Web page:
Years & Years @ Albert Hall, Manchester

Modern day electro-pop is sometimes accused of being empty and forgettable – such descriptions cannot be applied to the genre’s latest sensation Years & Years. 

The London-based trio brought their sell-out Communion tour to the magical Albert Hall on Sunday evening, and treated thousands of adoring fans to a triumphant set full of equal measures of euphoria and sophistication. 

Given the brilliance of the trio’s singles King, Shine and Desire, the starry-eyed crowd could have been forgiven for standing patiently during renditions of mediocre album tracks.

The performance of Shine, a certain contender for song of the year, was worth the admission price alone.

But Years & Years have much more to their arsenal than a modest handful of pop gems. 

Led by frontman Olly Alexander, the guys collaborated to produce just over an hour of lush, stadium-sized sound more typical of established synth-acts with decades of performing experience under the belt. 

Gold and Worship, tracks which could comfortably hold their own as credible singles, were delivered slick and with gusto, leaving even the more reserved pockets of the crowd with no choice but to wrap their lungs around the infectious hooks and melodies. 

Perhaps the most impressive element of the gig however was not the band’s well-documented ability to raise the roof at the strike of a chord but the ease at which they effortlessly fluttered between moods.

With Olly at the piano and lights dimmed, ballads Eyes Shut and Without exposed the band’s sentimental side, performed with more than enough grace and sincerity to not be mistaken for romantic gush.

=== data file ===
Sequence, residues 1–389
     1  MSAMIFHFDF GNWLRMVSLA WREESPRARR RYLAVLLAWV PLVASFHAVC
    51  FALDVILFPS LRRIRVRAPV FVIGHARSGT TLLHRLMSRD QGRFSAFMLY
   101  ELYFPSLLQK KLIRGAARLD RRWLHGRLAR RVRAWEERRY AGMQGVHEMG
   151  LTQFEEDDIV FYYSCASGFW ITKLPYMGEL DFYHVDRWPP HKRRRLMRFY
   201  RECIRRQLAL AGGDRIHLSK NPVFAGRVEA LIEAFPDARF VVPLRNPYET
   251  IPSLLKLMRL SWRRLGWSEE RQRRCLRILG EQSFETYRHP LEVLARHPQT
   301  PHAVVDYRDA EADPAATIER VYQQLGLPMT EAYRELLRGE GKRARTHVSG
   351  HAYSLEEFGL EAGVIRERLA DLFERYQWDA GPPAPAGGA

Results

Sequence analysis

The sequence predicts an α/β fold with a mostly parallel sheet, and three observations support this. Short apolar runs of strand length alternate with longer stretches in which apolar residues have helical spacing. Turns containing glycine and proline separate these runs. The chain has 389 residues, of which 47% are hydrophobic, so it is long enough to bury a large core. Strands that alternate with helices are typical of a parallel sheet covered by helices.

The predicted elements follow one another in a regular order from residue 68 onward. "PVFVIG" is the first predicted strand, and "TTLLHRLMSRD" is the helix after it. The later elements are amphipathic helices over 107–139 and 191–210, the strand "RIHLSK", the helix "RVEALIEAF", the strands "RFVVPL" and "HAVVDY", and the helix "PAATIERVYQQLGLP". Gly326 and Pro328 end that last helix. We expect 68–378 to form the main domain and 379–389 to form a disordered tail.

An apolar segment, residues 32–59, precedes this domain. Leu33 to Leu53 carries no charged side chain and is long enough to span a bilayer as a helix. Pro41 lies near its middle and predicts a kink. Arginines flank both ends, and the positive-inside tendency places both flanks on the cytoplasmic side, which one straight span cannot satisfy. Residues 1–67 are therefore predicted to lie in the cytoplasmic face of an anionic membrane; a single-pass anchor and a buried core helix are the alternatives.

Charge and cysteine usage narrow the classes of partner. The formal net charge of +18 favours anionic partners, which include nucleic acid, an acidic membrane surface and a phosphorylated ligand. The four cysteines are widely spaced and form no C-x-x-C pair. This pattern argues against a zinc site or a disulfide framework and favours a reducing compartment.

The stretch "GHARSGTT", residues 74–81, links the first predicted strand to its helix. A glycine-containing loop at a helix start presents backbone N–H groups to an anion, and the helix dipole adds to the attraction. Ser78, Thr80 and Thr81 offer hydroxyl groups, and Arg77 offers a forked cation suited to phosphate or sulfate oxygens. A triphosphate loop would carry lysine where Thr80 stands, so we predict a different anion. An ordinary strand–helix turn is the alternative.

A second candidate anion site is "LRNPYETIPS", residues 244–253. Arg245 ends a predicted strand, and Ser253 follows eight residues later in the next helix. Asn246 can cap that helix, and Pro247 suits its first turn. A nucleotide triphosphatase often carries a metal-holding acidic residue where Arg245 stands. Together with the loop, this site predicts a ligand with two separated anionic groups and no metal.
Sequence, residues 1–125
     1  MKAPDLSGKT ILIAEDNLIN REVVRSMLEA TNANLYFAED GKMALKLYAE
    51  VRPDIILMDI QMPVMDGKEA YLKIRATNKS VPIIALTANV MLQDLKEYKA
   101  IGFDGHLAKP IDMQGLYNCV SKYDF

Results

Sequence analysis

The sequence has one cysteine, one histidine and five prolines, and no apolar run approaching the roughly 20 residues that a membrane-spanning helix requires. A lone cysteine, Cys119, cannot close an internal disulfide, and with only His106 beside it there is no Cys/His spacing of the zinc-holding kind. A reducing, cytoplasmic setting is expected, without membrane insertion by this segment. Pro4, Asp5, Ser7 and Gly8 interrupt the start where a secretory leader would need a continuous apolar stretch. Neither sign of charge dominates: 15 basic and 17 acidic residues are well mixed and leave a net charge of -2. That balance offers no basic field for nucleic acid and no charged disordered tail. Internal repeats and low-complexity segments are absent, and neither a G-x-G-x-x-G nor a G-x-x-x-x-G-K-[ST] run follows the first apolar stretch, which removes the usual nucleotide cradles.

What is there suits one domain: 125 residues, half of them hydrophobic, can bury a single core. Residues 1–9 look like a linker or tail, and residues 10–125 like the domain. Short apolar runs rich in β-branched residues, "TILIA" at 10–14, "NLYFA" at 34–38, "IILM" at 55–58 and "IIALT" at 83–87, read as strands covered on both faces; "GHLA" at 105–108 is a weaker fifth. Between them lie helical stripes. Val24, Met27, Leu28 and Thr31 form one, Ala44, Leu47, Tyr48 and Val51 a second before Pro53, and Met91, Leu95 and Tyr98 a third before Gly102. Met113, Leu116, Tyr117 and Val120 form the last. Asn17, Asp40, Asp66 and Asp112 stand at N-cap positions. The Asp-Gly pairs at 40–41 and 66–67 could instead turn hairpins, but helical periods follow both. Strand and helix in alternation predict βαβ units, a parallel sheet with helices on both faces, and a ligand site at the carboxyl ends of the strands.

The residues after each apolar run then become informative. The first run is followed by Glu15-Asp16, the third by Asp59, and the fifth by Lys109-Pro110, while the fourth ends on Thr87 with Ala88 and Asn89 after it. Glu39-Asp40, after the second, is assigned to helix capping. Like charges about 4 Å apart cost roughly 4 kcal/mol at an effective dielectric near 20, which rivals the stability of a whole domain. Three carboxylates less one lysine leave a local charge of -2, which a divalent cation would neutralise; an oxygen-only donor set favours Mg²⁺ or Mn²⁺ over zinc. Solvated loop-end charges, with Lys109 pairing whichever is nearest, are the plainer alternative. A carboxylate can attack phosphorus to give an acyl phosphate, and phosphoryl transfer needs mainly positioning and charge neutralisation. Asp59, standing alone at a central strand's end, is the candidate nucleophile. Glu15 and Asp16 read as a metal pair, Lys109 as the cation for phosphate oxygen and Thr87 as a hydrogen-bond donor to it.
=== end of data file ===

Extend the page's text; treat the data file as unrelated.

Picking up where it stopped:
The mothers in the room were rewarded for their fine parenting with a cover of Britney Spears’ Toxic

Spears, incidentally, had become a theme of the evening, with must-see support act Tove Stryke pulling off an incredible cover of Baby One More Time.

Midway through Years & Years’ set a moment of technical difficulty forced shy Olly into conversation with the crowd – “awful stage banter” (his words not mine) for which he apologised minutes later.

Yet it is the humility of the band which makes them such a welcome breath of fresh air.

Throughout every minute of the evening, each member looked just as star-struck by the occasion as the delighted thousands in front of them – Olly, as the bands spokesperson, taking every opportunity to extend thanks to Manchester. 

But if the band aren’t yet used to stardom then they will have no choice but to become acquainted sooner rather than later.

This humble bunch has all of the ingredients to be a headline act for years and years to come.

Image courtesy of Tauron Nowa Muzyka, with thanks.

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